In the European Union, the General Data Protection Regulation, or GDPR, is about to go into effect. Beginning May 2018, all companies operating in the EU will be required to adhere to this regulation. The GDPR aims to strengthen privacy protections for consumers and make data protection more robust and consistent.

One important aspect of the GDPR is privacy notices. Under this new regulation, old school privacy notices must be replaced with privacy information notices that are concise, easy to understand, and written in plain language. In other words, they must be highly readable. Legalese and jargon are not allowed.

Specifically, the GDPR states that privacy information notices must be “concise, transparent, intelligible and easily accessible; written in clear and plain language, particularly if addressed to a child.”

This is meant to eliminate the problem of consumers being forced to sign privacy notices that are longer and more complicated than a legal contract. Instead, consumers will know exactly what a privacy notice means for them. They will know how their privacy is affected by the products and services they buy. Companies that don’t comply with the GDPR will face steep fines and penalties.

What does this mean for US Companies?

Even if your company or website is based in the United States, you may be affected by the GDPR. If your consumers are in the EU, then you must adhere to this new regulation. This applies even if your company is incorporated in the United States, and has no physical presence in Europe.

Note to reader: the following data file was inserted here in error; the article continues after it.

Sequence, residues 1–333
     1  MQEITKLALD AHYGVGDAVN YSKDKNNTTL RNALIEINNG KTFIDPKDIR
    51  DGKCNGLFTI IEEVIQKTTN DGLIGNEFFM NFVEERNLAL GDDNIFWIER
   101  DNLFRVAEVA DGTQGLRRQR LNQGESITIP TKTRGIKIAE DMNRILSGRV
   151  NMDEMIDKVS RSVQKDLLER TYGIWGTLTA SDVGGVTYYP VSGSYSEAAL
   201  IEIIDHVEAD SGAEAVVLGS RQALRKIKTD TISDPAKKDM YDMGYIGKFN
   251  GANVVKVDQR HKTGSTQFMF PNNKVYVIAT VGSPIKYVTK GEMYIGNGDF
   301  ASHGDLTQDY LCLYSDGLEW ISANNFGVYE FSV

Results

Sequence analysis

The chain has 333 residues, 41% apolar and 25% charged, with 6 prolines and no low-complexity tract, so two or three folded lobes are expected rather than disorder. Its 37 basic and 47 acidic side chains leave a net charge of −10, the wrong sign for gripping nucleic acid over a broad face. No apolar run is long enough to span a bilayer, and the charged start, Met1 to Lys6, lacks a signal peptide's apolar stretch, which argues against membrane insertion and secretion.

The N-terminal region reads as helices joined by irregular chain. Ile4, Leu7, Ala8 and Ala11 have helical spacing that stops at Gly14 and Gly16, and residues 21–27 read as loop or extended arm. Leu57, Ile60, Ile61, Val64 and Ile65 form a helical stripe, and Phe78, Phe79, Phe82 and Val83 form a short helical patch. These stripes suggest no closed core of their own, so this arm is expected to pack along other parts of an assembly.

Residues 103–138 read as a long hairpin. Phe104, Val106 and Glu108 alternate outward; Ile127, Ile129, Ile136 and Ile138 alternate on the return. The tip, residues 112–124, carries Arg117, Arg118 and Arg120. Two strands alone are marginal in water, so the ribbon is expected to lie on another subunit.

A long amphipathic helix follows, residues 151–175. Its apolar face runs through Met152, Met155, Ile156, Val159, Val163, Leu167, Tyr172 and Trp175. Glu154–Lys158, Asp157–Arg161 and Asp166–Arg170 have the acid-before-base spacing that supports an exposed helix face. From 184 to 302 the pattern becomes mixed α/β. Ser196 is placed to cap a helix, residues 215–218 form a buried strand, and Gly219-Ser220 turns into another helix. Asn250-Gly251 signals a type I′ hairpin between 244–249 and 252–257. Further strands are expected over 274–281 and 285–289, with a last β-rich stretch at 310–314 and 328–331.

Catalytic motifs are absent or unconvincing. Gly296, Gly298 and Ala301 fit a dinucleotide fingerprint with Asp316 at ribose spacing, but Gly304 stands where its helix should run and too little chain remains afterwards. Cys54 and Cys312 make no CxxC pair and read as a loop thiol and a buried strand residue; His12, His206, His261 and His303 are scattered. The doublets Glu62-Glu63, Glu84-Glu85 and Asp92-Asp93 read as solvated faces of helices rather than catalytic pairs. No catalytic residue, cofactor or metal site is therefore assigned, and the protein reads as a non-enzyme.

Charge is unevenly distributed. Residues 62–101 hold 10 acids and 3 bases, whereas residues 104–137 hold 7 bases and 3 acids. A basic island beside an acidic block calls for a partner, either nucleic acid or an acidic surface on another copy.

Simply put: if you gather data from EU citizens, then this regulation applies to you.

What if your business or website only has customers in the United States? In that case, you aren’t required to comply. However, it’s still a good idea to make your privacy notices easier to read for a variety of reasons:

  • Easy to read privacy notices make you appear more trustworthy. Consumers know you don’t have anything to hide. This helps them trust you with their private information and data, and makes your business look more credible overall.
  • Privacy notices that are easy to comprehend are becoming a best practice in the U.S. and abroad. Getting ahead of this growing trend is a great idea.
  • There is always a possibility that the United States will adopt a similar regulation. More readable privacy notices are popular with consumers. Politicians know that consumers are worried about their data being mined, sold, and shared.
  • If your business expands and you gain European customers, you will already be compliant with this aspect of the GDPR. You won’t have to worry about fines or penalties, or need to scramble to become compliant.

Making privacy notices more readable

Luckily, making your privacy information notices more readable isn’t difficult. The best approach is to calculate the Flesch Reading Ease score and improve it as needed. This is the most widely used and reliable way to check a document’s readability. recommends that you aim for a Flesch Reading Ease score of 45 or better. This is also the score recommended by the GDPR, as well as other organizations. For example, in Florida, all insurance contracts are explicitly required to meet this minimum readability score. Focusing on this score removes all the guesswork.

Improving readability: the step-by-step process

Using to improve the readability of your privacy information notice can be tackled in a few simple steps:

  1. Copy your current privacy policy verbiage into the text box.
  2. Click on “Measure Readability.” (See screenshots below.)
  3. Check your Flesch Reading Ease score.
  4. Edit your text by shortening sentences and using simpler words.
  5. Rescore your text, and repeat until you reach your target readability score of 45 or better.